On the potential of biocomputing in healthcare research and treatment, Lena Smirnova —  environmental health and engineering assistant professor at the Johns Hopkins Bloomberg School of Public Health, who was involved in the OI research — said (via The Johns Hopkins News-Letter), "We have developed a concept of organoid intelligence to explore the potential of human brain cell-based organoid cultures, advance our understanding of the brain and neurological diseases and unleash new forms of biocomputing." With a biocomputer as envisioned, she added: "We can tackle a lot of different aspects. For example, advanced models for neurodevelopmental disorders. Or neurodegeneration, which can help with drug development."

Would a biocomputer be truly conscious?

The primary ethical question about the prospective development of an organic computer is whether or not the end result might become conscious — or even possibly feel pain or have memories. Generated from stem cell donors, there's concern over whether or not that donor could claim rights over the resulting brain organoid. According to Lena Smirnova, the research team took ethical considerations into account, and the biocomputing as described in the Johns Hopkins research would recognize and address such implications. 

Speaking with CNN, Dr. Thomas Hartung offered more detail. "A key part of our vision is to develop OI in an ethical and socially responsible manner," he said. "For this reason, we have partnered with ethicists from the very beginning to establish an 'embedded ethics' approach. All ethical issues will be continuously assessed by teams made up of scientists, ethicists and the public, as the research evolves."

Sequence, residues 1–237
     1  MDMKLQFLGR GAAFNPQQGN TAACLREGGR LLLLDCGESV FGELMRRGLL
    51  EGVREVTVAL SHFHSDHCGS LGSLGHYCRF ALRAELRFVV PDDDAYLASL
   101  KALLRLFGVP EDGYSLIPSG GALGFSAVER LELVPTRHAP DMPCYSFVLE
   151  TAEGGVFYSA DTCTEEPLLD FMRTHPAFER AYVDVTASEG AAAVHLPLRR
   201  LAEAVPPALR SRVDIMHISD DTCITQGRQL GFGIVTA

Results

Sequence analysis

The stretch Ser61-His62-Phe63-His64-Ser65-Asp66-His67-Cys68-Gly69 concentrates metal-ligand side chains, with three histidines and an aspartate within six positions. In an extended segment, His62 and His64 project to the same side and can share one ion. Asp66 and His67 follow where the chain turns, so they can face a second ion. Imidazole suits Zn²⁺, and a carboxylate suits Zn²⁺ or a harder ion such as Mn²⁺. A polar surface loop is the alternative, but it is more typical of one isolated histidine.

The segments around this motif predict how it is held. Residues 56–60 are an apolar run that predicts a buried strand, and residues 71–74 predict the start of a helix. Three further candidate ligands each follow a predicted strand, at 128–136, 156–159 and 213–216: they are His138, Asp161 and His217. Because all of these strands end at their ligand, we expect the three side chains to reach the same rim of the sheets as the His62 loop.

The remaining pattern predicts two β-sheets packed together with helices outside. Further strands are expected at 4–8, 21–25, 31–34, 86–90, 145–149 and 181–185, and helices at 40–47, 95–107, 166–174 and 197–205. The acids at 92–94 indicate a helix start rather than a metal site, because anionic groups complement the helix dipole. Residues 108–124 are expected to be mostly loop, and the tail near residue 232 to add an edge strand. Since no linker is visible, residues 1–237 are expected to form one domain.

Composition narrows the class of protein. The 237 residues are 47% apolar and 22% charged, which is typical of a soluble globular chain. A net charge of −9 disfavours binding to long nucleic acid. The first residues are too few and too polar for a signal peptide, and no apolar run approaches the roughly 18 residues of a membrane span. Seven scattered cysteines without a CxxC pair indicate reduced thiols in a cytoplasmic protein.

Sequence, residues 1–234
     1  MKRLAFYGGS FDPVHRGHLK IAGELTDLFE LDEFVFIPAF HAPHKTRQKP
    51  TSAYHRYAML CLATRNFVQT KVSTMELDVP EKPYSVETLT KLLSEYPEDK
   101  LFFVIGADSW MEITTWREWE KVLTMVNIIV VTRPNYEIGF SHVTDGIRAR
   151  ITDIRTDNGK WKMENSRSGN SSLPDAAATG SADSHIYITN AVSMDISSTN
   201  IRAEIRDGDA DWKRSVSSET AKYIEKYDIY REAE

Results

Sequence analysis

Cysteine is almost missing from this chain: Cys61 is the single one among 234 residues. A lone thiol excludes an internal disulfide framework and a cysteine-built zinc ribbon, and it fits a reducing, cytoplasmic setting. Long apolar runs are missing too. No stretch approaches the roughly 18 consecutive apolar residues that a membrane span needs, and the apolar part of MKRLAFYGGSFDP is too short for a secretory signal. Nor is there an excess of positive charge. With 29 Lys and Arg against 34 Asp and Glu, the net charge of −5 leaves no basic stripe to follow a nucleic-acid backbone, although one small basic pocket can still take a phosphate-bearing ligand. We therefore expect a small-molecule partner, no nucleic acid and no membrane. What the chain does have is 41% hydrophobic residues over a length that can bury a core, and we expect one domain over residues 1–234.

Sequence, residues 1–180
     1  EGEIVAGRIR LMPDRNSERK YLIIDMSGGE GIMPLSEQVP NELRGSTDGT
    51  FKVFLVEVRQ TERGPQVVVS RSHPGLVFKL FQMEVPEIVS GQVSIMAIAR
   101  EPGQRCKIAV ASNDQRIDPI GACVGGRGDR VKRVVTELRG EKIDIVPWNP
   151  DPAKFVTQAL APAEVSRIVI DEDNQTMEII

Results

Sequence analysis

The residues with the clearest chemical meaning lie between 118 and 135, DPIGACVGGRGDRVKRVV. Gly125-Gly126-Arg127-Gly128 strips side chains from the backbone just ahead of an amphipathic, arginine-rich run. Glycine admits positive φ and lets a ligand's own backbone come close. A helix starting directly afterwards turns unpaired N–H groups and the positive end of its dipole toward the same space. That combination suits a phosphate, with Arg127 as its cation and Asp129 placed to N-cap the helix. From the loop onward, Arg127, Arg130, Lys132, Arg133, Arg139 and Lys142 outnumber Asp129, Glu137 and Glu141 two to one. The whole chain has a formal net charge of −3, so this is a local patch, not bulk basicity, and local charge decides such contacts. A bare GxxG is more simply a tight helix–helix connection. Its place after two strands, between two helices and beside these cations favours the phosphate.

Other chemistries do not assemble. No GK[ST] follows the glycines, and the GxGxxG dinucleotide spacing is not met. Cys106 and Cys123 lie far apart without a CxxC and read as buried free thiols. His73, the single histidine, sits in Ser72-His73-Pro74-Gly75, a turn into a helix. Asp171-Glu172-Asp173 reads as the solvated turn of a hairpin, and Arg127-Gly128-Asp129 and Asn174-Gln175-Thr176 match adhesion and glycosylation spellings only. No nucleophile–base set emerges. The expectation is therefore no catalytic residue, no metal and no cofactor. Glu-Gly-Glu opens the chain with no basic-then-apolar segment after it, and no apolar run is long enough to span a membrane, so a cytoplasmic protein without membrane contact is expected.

For now, an organic intelligence supercomputer remains theoretical, but as the John Hopkins research illustrates, it is now within the realm of possibility. On that note, Smirnova said (via The Johns Hopkins News-Letter): "We are very much aware that we put our very ambitious goals there. But this is what makes our work as scientists so exciting — overcoming the challenges, getting new insights into the complexity of human biology in order to advance human health and make our world a safer place."

Today's brain organoids are no match for the human mind

Ethical issues aside, as it stands, much like AI, OI has a long way to go before it comes close to matching the learning and computational prowess of the human mind. AI still can't solve CAPTCHA, or "Completely Automated Public Turing Test to Tell Computers and Humans Apart," those online gatekeepers meant to prevent computers from treading in digital spaces meant for flesh-and-blood people. At only 50,000 cells, brain organoids are currently about the same size as an entire fruit fly's nervous system — a far cry from what's between our ears. 

Speaking with Newswise, Dr. Thomas Hartung from Johns Hopkins said: "Brains also have an amazing capacity to store information, estimated at 2,500 terrabytes." Hartung went on to add, "It has about 100 billion neurons linked through over 1015 connection points. It's an enormous power difference compared to our current technology." According to the researcher, we've reached the limits of traditional Silicon-based computing, and biocomputing might be the next step.

To illustrate how close we are to OI but how much work remains, a flat brain cell culture has reportedly learned to play the classic video game "Pong." From those humble beginnings, Hartung said (via Newswise): "[I]t's just a matter of building the community, the tools, and the technologies to realize OI's full potential."